# How to solve in terms of k the following equation? [closed]

How to solve in terms of k the following:

$$$$200=20 \times \frac{1-(1+k)^{-4}}{k}+\frac{228.59}{(1+k)^4}$$$$

Any help highly appreciated

• I doubt there is a great closed formula. Numerical methods work, of course. There's a solution near $k\sim .1295$ for instance.
– lulu
Jun 22, 2020 at 10:45
• What have you tried? Avoid no-clue question: How to ask a good question.
– Ѕааԁ
Jun 22, 2020 at 10:47
• @Saad I don't know how to start...
– Gina
Jun 22, 2020 at 10:49
• Does $228,59$ stand for $228.59$? Jun 22, 2020 at 10:52
• Yes I edited the original post
– Gina
Jun 22, 2020 at 10:54

## 2 Answers

Consider $$$$y=20 \times \frac{1-(1+k)^{-4}}{k}+\frac{22859}{100(1+k)^4}$$$$

Use Taylor series around $$k=0$$ gives $$y=\frac{30859}{100}-\frac{27859 }{25}k+\frac{26859 }{10}k^2-\frac{26359 }{5}k^3+\frac{182413}{20}k^4+O\left(k^5\right)$$ Using series reversion leads to $$k=-t+\frac{134295}{55718}t^2-\frac{10691793215 }{1552247762}t^3+\frac{3664144204520905 }{172976281606232}t^4+O\left(t^5\right)$$ where $$t=\frac{25 }{27859}\left(y-\frac{30859}{100}\right)$$.

Making $$y=200$$ leads to $$k=\frac{3430730696218578011844685765476873}{26674028799972940581873746705242112}\approx 0.1286$$ while the exact solution, obtained using Ferrari's method for quartics, is $$0.1295$$

Another thing which could be done is to approximate $$y$$ by a $$[2,2]$$ Padé approximant which would be $$y\sim\frac {\frac{30859}{100}-\frac{12973524100179}{66968788100}k+\frac{16134307928979 }{133937576200} k^2} {1+\frac{1997920043 }{669687881}k+\frac{3294721405 }{1339375762}k^2}$$ Solving the quadratic for $$y=200$$ would give $$k\approx 0.129504$$ to be compared to $$0.129497$$.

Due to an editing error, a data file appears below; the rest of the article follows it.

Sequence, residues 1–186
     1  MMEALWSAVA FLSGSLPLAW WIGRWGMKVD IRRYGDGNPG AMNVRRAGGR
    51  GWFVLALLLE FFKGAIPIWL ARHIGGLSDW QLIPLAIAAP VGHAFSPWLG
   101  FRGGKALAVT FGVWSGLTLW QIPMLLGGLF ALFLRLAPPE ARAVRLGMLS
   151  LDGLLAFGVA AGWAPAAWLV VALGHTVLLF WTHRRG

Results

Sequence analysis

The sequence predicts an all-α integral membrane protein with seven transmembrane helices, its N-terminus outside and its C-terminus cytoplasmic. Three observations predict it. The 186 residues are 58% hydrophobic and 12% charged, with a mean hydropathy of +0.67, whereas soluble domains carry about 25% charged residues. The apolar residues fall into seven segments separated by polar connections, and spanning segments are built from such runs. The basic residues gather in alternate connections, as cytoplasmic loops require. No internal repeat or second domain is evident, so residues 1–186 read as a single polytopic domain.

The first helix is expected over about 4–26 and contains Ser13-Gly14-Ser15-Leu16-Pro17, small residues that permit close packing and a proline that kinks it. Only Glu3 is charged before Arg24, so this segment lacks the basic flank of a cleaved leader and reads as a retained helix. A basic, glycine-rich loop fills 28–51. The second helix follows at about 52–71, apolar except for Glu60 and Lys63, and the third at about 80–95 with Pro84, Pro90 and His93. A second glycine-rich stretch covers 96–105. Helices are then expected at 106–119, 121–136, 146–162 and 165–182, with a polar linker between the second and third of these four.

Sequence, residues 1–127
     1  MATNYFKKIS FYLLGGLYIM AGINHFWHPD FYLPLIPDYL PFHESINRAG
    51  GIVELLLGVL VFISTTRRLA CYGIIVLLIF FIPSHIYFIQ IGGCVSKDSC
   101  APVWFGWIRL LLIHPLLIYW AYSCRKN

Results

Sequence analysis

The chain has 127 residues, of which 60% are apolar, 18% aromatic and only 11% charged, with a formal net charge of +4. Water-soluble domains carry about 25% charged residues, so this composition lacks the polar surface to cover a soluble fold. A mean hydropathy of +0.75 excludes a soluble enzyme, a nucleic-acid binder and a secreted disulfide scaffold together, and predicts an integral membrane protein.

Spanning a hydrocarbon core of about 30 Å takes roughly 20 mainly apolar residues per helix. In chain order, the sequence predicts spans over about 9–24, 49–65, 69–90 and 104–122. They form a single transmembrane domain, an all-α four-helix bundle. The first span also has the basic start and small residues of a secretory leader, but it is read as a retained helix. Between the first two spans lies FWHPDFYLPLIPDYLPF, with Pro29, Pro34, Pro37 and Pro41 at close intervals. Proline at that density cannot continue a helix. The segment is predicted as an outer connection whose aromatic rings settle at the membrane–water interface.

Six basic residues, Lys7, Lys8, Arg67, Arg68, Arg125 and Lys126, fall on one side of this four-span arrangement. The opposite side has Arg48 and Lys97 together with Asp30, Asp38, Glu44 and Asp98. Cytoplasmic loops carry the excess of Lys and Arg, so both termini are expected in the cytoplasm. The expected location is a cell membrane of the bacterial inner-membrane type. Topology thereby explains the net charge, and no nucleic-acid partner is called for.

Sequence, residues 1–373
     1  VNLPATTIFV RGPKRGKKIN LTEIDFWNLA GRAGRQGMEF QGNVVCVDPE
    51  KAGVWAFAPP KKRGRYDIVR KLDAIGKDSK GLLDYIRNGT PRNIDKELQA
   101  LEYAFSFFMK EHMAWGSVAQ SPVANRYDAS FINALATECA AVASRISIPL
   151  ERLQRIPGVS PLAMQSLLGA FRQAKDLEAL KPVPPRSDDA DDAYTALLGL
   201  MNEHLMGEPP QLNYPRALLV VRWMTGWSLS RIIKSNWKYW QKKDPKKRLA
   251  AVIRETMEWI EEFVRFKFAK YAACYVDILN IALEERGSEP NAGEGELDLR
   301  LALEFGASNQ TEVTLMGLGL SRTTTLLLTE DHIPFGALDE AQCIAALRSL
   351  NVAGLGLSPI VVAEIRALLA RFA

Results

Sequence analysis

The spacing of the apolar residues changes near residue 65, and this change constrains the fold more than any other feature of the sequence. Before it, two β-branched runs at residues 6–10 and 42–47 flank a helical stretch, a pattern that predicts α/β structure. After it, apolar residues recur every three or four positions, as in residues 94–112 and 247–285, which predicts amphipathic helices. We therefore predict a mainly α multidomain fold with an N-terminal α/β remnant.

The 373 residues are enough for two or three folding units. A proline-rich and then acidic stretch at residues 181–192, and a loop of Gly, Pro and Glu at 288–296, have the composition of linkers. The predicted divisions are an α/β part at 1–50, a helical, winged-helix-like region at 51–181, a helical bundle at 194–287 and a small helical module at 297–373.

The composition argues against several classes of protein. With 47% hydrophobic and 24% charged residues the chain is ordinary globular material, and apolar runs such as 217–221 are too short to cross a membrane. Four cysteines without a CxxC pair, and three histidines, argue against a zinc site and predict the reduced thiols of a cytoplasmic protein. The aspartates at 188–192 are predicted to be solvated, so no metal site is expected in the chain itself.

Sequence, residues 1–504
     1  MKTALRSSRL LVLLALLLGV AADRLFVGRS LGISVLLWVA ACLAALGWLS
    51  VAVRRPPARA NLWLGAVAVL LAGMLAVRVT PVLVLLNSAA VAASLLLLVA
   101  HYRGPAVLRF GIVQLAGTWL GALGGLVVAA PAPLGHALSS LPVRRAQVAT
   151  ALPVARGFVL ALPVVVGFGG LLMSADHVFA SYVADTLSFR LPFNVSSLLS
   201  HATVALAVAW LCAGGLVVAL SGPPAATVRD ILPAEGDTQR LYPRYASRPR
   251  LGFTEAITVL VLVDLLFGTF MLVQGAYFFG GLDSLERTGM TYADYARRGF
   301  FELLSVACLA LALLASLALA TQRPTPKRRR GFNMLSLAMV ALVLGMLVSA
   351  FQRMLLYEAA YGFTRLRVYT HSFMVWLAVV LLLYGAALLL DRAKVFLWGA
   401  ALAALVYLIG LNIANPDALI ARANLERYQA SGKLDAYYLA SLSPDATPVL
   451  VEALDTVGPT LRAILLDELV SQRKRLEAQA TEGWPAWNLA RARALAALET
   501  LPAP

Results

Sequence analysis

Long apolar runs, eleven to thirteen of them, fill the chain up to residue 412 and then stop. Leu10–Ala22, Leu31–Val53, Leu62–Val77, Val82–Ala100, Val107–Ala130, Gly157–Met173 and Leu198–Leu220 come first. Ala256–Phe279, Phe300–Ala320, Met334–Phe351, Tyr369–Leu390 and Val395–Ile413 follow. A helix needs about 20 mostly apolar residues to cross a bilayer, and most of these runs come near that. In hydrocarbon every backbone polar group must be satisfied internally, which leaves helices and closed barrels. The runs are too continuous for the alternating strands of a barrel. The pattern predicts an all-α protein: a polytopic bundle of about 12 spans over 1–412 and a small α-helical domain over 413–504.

• Whoa. Those are some big numbers :D Jun 22, 2020 at 13:19
• @K.defaoite. What do you want to do if numerical methods are not used ? This looks like a finance problem where you need to find the interest rate. Cheers :-) Jun 22, 2020 at 13:25

Transform $$1+k \rightarrow z$$, which gives

$$a=c\frac{1-z^{-4}}{z-1}+\frac{d}{z^4}$$ where $$a=200,c=20,d=228.59$$, since these constants do not have any apparent bearing to the problem.

Then, multiplying $$z^4$$ throughout, we have $$az^4 = c\dfrac{z^4-1}{z-1} + d \implies az^4-cz^3-cz^2-cz-(c+d)=0$$

which being a quartic equation, we actually know how to find it's roots by Ferrari's method.

The roots you find will be the values of $$z=1+k$$, so remember to subtract $$1$$ to get your answer.

• That is not a biquadratic equation as it has terms of degree $\;1.\.3\;$ . That's just a quartic equation. Jun 22, 2020 at 11:53
• @DonAntonio I apologize, my bad. I meant a degree 4 equation only, I wasn't aware of the difference between the terminologies of quartic and biquadratic. Thank you for the correction, I learnt this today. :D Jun 22, 2020 at 13:39